clock menu more-arrow no yes mobile

Filed under:

Minnesota Vikings Power Rankings Roundup, Week 11

The Vikings took a hit this week, but how bad is it?

If you buy something from an SB Nation link, Vox Media may earn a commission. See our ethics statement.

Minnesota Vikings v Chicago Bears Photo by Jonathan Daniel/Getty Images

What goes up must come down, and that’s where we find ourselves with the Minnesota Vikings this week. Following their 25-20 loss to the Chicago Bears on Sunday Night Football, it seems inevitable that the purple are going to experience another drop on the roller coaster that has been their Power Rankings this season. How large is the hit going to be? Well, it depends on who you ask, and that’s exactly what we’re going to do right now. It’s time for this week’s Power Rankings Roundup for the Minnesota Vikings, so let’s see what we’ve got.

Associated Press - #10 (Last week: #7)

No Vikings-centric commentary from the AP this week.

SB Nation - #13 (Last week: #11)

No Vikings-centric commentary from the mothership this week.

Walter Cherepinsky, Walter Football - #13 (Last week: #13)

Nothing new or notable from Walter Football this week.

MMQB, Sports Illustrated - #7 (Last week: #6)

The Vikings are currently clinging to the No. 6 seed, which would likely mean a rematch in Chicago. But that would be a tough route to go for a team that learned the value of home field advantage in the playoffs as well as any team last year.

ESPN - #9 (Last week: #8)

Thankful for: The receiving duo of Adam Thielen and Stefon Diggs. Minnesota’s offense runs through Thielen and Diggs, who act as interchangeable chess pieces in John DeFilippo’s system and allow Kirk Cousins to orchestrate a consistent passing attack. Thielen became the first Vikings player with consecutive 1,000-yard receiving seasons since Randy Moss, and by the end of the 2018 season the Vikings could boast two 1,000-yard receivers (Diggs has 713). It would be the first time the franchise has achieved such a feat since Moss and Cris Carter each surpassed 1,000 yards receiving in 2000.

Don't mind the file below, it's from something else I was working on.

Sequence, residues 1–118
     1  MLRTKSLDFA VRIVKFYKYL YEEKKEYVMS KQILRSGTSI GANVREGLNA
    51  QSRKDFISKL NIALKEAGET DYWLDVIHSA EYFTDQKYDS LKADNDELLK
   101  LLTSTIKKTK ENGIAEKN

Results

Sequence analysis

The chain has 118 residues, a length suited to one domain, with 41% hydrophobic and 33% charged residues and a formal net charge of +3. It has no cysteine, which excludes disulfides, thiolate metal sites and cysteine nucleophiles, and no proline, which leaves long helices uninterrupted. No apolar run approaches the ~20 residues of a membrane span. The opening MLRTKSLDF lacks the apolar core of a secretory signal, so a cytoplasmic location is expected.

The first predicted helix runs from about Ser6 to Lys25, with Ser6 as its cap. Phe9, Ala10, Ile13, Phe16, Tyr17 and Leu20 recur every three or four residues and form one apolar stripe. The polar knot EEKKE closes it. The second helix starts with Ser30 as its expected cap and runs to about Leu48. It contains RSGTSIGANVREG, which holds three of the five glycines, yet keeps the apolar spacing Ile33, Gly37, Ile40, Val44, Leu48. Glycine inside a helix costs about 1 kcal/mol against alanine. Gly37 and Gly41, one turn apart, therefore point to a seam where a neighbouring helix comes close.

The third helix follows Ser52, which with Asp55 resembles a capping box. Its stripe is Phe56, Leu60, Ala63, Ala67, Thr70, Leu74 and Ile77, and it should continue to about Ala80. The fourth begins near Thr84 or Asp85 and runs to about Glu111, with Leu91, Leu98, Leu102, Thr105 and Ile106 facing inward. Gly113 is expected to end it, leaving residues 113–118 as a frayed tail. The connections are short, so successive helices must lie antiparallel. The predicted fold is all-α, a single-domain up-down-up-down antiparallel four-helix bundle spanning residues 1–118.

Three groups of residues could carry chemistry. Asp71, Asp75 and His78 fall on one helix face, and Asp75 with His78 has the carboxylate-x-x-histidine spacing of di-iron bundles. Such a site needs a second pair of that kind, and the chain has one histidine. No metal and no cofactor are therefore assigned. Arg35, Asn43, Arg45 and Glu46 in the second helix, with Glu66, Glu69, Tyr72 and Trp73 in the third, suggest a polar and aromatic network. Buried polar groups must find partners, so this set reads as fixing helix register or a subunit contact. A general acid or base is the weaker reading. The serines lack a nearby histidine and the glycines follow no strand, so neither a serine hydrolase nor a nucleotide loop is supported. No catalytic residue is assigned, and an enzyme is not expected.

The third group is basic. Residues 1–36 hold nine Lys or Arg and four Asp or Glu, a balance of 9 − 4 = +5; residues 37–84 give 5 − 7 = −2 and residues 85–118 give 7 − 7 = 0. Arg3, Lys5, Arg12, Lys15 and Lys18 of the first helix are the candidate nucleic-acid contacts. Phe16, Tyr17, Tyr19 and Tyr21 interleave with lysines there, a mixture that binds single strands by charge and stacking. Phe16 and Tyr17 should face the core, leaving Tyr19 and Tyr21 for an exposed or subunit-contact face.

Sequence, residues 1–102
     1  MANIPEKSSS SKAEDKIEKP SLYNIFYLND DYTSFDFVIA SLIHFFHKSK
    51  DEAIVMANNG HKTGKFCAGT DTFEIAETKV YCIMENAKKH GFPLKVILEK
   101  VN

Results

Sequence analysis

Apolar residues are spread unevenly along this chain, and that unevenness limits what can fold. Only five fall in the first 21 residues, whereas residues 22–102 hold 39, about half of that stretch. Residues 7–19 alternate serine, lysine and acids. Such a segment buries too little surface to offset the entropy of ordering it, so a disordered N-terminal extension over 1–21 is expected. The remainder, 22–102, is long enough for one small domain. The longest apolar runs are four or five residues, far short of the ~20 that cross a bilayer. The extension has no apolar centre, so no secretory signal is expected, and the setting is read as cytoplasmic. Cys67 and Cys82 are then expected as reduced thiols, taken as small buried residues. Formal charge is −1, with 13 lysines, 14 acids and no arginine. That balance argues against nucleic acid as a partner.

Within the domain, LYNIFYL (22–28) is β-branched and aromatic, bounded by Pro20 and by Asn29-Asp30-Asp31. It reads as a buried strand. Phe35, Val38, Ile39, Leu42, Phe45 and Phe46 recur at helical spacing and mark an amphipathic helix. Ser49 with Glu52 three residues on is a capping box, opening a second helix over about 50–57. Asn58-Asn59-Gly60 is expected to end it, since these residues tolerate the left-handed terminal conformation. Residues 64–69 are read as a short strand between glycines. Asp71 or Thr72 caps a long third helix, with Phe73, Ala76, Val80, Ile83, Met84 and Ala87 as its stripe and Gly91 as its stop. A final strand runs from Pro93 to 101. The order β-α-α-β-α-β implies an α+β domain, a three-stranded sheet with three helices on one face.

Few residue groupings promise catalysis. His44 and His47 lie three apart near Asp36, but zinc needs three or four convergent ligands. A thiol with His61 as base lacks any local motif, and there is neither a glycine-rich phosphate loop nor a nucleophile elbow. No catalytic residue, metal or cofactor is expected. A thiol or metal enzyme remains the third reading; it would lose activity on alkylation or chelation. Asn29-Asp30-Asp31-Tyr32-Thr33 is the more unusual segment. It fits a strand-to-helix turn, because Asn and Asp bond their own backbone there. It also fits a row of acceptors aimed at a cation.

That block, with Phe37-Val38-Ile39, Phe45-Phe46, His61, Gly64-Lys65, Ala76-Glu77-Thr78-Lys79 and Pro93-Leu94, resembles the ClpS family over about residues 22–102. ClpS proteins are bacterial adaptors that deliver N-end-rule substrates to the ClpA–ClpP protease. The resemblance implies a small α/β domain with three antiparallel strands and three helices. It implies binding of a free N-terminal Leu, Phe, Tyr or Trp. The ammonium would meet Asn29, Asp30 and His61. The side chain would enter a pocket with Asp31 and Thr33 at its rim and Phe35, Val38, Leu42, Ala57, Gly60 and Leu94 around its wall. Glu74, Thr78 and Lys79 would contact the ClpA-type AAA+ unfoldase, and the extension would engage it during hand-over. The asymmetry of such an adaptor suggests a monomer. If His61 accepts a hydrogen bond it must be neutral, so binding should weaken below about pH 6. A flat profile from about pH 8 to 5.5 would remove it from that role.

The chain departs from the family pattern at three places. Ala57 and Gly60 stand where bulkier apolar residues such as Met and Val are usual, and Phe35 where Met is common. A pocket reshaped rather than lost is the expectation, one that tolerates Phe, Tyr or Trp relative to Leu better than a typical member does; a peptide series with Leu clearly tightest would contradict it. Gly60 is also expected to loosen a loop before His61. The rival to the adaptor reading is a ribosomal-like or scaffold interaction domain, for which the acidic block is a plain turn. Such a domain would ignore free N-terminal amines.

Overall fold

Frank Schwab, Yahoo! Sports - #10 (Last week: #7)

You can’t lay all of the Vikings’ issues at Kirk Cousins‘ feet. Though, they paid him all that money to play better in games like Sunday night. Whoever you want to blame, the Vikings were supposed to be Super Bowl contenders and they’re barely .500, probably resigned to chasing a wild-card spot and having to beat the Rams and Saints on the road in back-to-back weeks to make a Super Bowl. Not good.

Mike Florio, Pro Football Talk - #10 (Last week: #8)

The playoffs start, as a practical matter, on Sunday night.

Bleacher Report - #9 (Last week: #7)

Before the season, the Minnesota Vikings were a trendy pick to win the NFC North. The Vikings were also the highest-ranked team in the division in the Week 1 set of these power rankings—a ranking they’ve maintained most of the season.

That’s no longer the case, because it’s looking less and less like Minnesota is going to win this division.